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Published on: February 9, 2009
by Jeffrey Kurz for My Record Journal:
Though he’s about to turn 87 and has health troubles of his own, Olegario Traverso is determined to continue taking care of his wife, who for at least the past five years has suffered from dementia. For the most part, Traverso shoulders the responsibility of her care on his own, but he knows it’s time to seek help when she shows signs of an infection.
“Every time I suspect she has an infection I call the doctor and she prescribes antibiotics,” said Traverso, a Meriden resident.
The connection between dementia, which includes Alzheimer’s disease, and urinary tract infections is not as widely understood as it probably should be, said Dr. Rajesh Tampi, director of psychiatry for Masonicare. The link between dementia and urinary tract infections was made nearly 20 years ago, and while general awareness is improving, “it should be better,” said Tampi.
“Information should be spreading faster, but it’s not caught up that much.”
Lack of attention to hygiene, which those with dementia can be susceptible to, is a more obvious link to the risk for infection. But, particularly in older people, the symptoms of a urinary tract infection can often be misidentified as a sign of dementia, said Tampi. A significant difference between the two is that confusion brought on by an infection will come about much more quickly than the confusion resulting from dementia, a much more slowly progressing affliction.
“There are very few dementias that are rapidly progressing,” said Tampi. “Nobody gets dementia in three days to a week.”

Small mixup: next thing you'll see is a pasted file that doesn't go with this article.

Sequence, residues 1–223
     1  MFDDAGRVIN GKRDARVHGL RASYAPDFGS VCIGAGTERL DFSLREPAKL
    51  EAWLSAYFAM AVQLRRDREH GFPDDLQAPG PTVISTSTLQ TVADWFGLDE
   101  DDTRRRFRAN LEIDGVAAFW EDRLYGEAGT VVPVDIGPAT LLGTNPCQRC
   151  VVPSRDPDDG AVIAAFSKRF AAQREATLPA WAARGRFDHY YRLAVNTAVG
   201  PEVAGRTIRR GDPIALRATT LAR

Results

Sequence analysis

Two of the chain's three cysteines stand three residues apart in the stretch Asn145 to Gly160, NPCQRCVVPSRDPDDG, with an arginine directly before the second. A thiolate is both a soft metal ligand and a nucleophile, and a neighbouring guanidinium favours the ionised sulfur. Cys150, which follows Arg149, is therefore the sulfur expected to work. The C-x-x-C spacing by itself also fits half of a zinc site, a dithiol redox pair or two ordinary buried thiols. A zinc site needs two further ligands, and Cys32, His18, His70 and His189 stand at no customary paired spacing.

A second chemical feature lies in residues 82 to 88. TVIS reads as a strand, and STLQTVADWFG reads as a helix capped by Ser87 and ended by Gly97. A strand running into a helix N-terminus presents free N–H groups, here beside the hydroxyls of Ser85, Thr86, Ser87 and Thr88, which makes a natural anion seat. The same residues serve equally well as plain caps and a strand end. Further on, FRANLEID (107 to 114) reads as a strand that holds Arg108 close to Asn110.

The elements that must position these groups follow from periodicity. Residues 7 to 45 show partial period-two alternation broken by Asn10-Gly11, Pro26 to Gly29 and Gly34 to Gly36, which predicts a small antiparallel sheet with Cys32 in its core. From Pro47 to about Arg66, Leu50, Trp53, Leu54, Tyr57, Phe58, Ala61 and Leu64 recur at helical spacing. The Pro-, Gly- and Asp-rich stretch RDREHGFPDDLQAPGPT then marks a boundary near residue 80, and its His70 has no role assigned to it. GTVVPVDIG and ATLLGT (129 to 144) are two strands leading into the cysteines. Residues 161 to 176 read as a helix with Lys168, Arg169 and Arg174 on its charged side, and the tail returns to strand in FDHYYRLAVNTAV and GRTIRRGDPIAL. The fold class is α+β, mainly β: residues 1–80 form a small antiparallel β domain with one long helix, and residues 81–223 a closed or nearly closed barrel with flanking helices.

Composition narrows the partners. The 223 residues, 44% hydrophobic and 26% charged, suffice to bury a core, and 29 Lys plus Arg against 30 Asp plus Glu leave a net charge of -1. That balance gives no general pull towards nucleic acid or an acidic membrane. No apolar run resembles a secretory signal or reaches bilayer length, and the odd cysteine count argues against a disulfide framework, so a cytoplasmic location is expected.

Bacteria infecting the urinary tract also seep into the blood stream. Blood vessel walls weaken as people age, and vessels in the brain become more permeable, thus the link between an infection and increased confusion. So if an older person is displaying signs of confusion, it isn’t necessarily connected to dementia. Other conditions that can lead to a more sudden onset of confusion in the elderly include strokes, pneumonia and a change in medications.
Tampi said 25 percent of the patients admitted to the psychiatric unit at the Masonicare Health Center have urinary tract infections. Older women are at higher risk, he said. It’s important that older patients receive a complete medical work up to help identify the causes of problems, he said. There are those who assume that the loss of cognitive skills, including memory, is a natural consequence of aging, but this is not the case, said Tampi.
“Just because you’re old doesn’t mean you’ll get forgetful,” he said.
Because there is no “silver bullet,” as Tampi put it, to cure or treat dementia, it’s important to emphasize prevention. The risk factors for heart disease and stroke, including high blood pressure, high cholesterol, smoking, obesity and diabetes, are also risk factors for dementia. The use-it-or-lose-it approach also applies to the brain.
While it’s important at any age to use your brain in an active way, it’s particularly a good idea for older people. That means challenging the brain with puzzles like Sudoku, or by learning a new language or learning how the play an instrument. It doesn’t always have to be ambitious, either. Trying to memorize a grocery list can also help keep the brain sharp.
“Do things to keep your brain actively engaged in creating new neural pathways,” said Dr. Karen Prestwood, a Masonicare geriatrician. “New brain cells can form no matter what your age.”
“Some say it takes longer for older people to learn, but they can learn,” said Prestwood. Remaining active socially also turns out to be a way of keeping dementia at bay.
“We’re social beings, so there’s something about that that decreases your risk of Alzheimer’s,” said Prestwood, who also recommends relaxation techniques and other stress-reducing approaches.
Picture source: Huffington Post
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